Rookie Corner – 352 – Big Dave's Crossword Blog
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Rookie Corner – 352

A Puzzle by Modica

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The puzzle is available by clicking on the above grid.

As usual, the setter will be delighted to receive feedback from you, the solvers. I do ask that you remember that for most setters this is a new experience, so please only offer constructive criticism.

A belated review by Prolixic follows.

It’s always a good sign when most of the comments highlight minor points in the clues.  Overall, this was enjoyable and well constructed.  The commentometer reads as 2 / 27 or 7.4%.

Across

1 Turned out any cop is able to provide cover (6)
CANOPY – An anagram (turned out) of ANY COP.

4 Naughty Boris questions content (6)
RISQUE – The answer is hidden (content) in the second and third words of the clue.

8 Unfortunate long wait for somewhere to get your head down abroad (5-3)
WAGON LIT – An anagram (unfortunate) of LONG WAIT.

10 Support the Italian touring unknown country (6)
BRAZIL – T three-letter word for a woman’s supporting garment and the Italian word for “the” go around (touring) a letter used in algebra to indicate an unknown quantity.

11 Weapon captured by minesweeper heading west (4)
EPEE – The answer is hidden in (captured by) and reversed (heading west) in the fourth word of the clue.

12 Bedroom has child’s toy returned for your convenience (10)
CHAMBERPOT – A seven-letter word word for a bedroom followed by a reversal (returned) of a three-letter word for a child’s toy.

13 Could I be an example of one? (5,7)
ROMAN NUMERAL – V, X, L, C, D and M would be other examples of this numbering system.

16 Smooth office worker before start of duties is unlikely to lose it (4-8)
EVEN-TEMPERED – A four-letter word meaning smooth and a four-letter word for an office worker followed by a three-letter word meaning before and the initial letter (start) of duties.

20 Artists who leave their mark (10)
TATTOOISTS – Cryptic definition of those who produce inked designs on the skin of their clients.

21 Ripped apart by storm with no trouble (4)
TORN – A seven-letter word for a violent twisting wind storm without a three-letter word meaning trouble.

22 Mixing oil and mud results in mathematical values (6)
MODULI – An anagram (mixing) of OIL MUD.  Whilst most of the surface readings of the clues are good, this is a notable exception.  

23 Transaction without a conscious state (8)
DELAWARE – A four-letter word for a transaction without the letter A followed by a five-letter word meaning conscious.

24 Accepting thanks ahead of George perhaps (6)
TAKING – A two-letter word meaning thanks followed by the type of rule of which George was an example.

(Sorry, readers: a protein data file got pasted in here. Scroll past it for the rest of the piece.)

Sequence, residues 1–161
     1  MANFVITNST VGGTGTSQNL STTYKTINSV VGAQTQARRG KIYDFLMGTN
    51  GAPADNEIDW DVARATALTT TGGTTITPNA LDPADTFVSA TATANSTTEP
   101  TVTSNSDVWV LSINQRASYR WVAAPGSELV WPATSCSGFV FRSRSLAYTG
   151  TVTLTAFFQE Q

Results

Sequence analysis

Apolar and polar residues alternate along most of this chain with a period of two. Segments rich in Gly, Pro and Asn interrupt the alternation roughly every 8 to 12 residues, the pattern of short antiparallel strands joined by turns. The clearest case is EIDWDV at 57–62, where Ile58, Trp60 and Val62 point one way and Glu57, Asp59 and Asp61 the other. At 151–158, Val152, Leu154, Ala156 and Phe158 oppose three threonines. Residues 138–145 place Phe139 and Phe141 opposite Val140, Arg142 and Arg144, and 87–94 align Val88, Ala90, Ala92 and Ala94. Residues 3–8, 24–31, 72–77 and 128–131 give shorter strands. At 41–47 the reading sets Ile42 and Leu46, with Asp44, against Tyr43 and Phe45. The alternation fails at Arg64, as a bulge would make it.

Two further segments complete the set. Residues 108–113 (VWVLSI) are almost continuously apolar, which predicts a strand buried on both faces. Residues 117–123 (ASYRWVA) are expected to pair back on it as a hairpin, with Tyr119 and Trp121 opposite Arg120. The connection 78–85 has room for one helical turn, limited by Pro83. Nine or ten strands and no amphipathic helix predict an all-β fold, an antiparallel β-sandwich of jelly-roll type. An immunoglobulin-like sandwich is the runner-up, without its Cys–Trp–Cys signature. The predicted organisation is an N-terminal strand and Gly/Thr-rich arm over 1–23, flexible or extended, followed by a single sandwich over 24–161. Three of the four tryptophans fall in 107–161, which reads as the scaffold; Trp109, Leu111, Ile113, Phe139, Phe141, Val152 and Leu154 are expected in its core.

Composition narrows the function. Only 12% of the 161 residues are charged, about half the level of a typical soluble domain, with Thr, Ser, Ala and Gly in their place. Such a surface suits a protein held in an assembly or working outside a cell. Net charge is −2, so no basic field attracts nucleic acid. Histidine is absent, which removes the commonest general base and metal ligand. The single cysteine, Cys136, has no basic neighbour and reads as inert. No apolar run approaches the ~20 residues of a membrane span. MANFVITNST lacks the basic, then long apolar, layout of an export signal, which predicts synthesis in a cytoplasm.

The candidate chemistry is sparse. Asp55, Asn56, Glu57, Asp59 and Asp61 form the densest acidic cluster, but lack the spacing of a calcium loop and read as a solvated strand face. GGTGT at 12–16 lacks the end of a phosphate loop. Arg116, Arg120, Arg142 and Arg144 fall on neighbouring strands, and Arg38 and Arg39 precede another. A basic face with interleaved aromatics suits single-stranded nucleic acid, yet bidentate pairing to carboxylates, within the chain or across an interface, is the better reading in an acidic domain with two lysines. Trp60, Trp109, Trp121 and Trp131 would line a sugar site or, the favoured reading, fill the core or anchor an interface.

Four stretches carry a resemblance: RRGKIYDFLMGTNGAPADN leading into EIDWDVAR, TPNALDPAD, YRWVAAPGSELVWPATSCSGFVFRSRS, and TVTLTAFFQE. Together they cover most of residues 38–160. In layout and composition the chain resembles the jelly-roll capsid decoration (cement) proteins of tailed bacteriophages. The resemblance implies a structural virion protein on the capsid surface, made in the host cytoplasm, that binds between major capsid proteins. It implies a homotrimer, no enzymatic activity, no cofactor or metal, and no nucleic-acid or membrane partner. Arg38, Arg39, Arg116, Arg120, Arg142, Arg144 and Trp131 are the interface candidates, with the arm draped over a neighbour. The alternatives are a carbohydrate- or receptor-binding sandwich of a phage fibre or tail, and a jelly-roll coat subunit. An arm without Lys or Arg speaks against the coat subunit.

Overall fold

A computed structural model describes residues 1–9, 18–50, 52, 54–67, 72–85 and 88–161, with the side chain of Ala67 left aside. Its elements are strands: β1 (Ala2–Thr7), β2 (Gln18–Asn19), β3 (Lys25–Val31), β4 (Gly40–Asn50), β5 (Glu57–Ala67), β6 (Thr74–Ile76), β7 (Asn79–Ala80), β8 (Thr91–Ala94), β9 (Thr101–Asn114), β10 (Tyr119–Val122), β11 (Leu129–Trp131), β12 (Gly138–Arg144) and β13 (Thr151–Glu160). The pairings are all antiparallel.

25 Me and my pals with a little 7Up. It’s all gone now (4,2)
USED UP – A two-letter word meaning me and my pals followed by the abbreviation for the answer to 7 down and the UP from the clue.  Some editors would not like 7Up with the un-indicated requirement to split it to provide the wordplay elements.  Here 7 Up would have been a valid alternative.

Down

1 Support top dog (8)
CHAMPION – Double definition meaning to support a cause and a winner.

2 Loose moose. Next in line could capture it (5)
NOOSE – Start the second word of the clue with the next letter in the alphabet to the current starting letter using the sequence of loose and moose.

3 Nut running around Long Island gets bird (7)
PELICAN – A five-letter word for a type of nut around the abbreviation for Long Island.

5 One medic initially invites British queen for supper (7)
IMBIBER – The letter representing one followed by a two-letter abbreviation for a medic, the initial letter of invites, the single-letter abbreviation for British and a two-letter abbreviation for the queen.

6 Dance when leaderless group nearly annoy the French (9)
QUADRILLE – A five-letter word for a group without the initial letter (leaderless) followed by a four-letter word meaning annoy without the last letter (nearly) and the French masculine singular form of the.

7 Boss man who is owed money loses crown (6)
EDITOR – A seven-letter word for a someone owed money without the initial letter (loses crown).

9 I’m saturated, confused and suffering from shock (11)
TRAUMATISED – An anagram (confused) of IM SATURATED.

14 Open mouthed when a lorry receives three points (9)
AWESTRUCK – The A from the clue and a five-letter word for a lorry around the abbreviation for West, East and South.

15 Salty stream of sorrow? (8)
TEARDROP – Cryptic definition for something produced when crying.  I agree with the comments that one of these hardly constitutes a stream.

17 Posh schoolboy has memo returned with one article added (7)
ETONIAN – Reverse (returned) a four-letter word for a memo followed by the letter representing one and the two-letter indefinite article.  Be careful about repeating wordplay indicators.  Here both returned and one are repetitions of devices previously used.

18 Nine goddesses accept 150 bundles of tissues (7)
MUSCLES – A five-letter word word the nine goddesses of ancient Greece around the Roman numerals for 150.  To make the cryptic reading not read A accept B (when it should be A accepts B), perhaps accepting would be better

19 A different tea suggested when you do this (3,3)
EAT OUT – A reverse anagram where the first three letters followed by an anagram indicator would produce TEA.

21 Drawn to United (5)
TOWED – The TO from the clue followed by a three-letter word meaning united or married.